The hRPA is a protein that exclusively binds to single-stranded DNA. Thus, naturally, it bound only to to the single-stranded regions (Figure 2, blue), that were created at increased stretching forces. On the contrary, dCas9 off-target binding events occurred more at intermediate stretching forces (Figure 2, green) when small DNA bubbles were present. Interestingly, the binding of both DNA-binding proteins was mutually exclusive under all conditions. These results suggest that Cas9 off-target binding is driven by small disruptions in DNA helical structure and requires the unwound DNA strands to remain in close proximity. In vivo, this occurs during processes like transient bubble melting, DNA breathing, or supercoiling.
Employing the C-Trap microfluidics system, optical tweezers and multicolor confocal microscopy enabled to make these important observations.
DNA-Cas9 binding experiments with genomic positions mapping in real-time
With its automated scripts for experimental runs and data analysis, the C-Trap allows a fast workflow and advanced data analysis. Furthermore, the high spatial sensitivity of the instrument allows for precise localization of DNA-binding proteins. For example, in only a few steps, it is possible to perform an experiment with multiple DNA-binding proteins and determine their binding locations at the base-pair level.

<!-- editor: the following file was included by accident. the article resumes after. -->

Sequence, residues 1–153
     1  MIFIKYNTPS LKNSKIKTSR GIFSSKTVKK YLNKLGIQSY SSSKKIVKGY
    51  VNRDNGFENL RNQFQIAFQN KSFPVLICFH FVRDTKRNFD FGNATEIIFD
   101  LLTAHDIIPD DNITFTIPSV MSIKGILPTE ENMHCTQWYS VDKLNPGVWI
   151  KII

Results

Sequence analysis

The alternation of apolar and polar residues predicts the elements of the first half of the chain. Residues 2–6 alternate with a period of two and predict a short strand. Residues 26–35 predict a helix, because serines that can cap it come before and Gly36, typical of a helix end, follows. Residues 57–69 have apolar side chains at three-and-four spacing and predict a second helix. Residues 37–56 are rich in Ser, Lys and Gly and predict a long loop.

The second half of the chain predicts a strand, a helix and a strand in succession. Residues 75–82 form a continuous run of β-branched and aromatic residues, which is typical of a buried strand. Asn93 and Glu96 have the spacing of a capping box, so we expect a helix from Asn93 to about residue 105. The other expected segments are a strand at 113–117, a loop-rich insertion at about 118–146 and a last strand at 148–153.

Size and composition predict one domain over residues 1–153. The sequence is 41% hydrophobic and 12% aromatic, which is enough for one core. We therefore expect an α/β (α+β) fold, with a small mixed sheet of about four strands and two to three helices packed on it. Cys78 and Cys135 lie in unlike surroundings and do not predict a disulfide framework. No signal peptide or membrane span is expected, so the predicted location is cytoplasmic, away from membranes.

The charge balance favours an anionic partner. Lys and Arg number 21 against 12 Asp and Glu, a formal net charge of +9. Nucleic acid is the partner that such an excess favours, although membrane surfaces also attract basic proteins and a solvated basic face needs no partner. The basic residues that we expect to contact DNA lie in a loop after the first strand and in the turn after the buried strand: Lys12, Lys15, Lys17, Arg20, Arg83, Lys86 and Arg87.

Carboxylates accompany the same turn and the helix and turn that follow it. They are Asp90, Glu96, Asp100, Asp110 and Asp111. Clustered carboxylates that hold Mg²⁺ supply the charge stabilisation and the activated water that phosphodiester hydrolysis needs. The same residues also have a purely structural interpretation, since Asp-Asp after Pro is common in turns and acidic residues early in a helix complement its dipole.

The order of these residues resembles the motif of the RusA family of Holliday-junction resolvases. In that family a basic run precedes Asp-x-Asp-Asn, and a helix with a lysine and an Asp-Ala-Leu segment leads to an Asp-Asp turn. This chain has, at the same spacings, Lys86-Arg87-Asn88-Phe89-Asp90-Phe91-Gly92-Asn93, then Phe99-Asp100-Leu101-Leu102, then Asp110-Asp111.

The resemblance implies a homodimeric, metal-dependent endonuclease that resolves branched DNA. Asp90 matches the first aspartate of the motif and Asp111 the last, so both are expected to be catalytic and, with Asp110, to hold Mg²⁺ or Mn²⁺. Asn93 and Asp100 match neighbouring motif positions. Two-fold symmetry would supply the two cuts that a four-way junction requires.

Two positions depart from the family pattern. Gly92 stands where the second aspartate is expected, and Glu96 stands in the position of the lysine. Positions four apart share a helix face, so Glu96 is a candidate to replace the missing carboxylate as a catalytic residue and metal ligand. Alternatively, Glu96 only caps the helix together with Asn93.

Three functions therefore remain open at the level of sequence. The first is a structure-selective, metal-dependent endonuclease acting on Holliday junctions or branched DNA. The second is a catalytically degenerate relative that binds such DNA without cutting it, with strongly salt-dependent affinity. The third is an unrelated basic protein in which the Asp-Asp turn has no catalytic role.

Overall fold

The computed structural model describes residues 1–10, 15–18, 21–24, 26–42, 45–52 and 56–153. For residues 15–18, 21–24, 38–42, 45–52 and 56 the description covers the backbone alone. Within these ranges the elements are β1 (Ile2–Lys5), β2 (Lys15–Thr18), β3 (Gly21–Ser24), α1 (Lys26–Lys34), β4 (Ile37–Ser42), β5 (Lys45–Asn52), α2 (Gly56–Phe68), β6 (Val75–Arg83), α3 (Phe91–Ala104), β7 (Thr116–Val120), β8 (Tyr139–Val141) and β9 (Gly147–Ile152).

Here, we held an optically trapped DNA molecule at contour length, while observing in real-time the binding of two fluorescently labelled dCas9 proteins, green and red. We then plotted over time the binding locations of both dCas9 proteins on the DNA in a kymograph and analyzed the events using our kymotracker tool (Figure 3). This allowed us to easily map the binding events to the DNA sequence and reveal their exact genomic positions (Figure 4), by using the automated scripts for data analysis shared at harbor.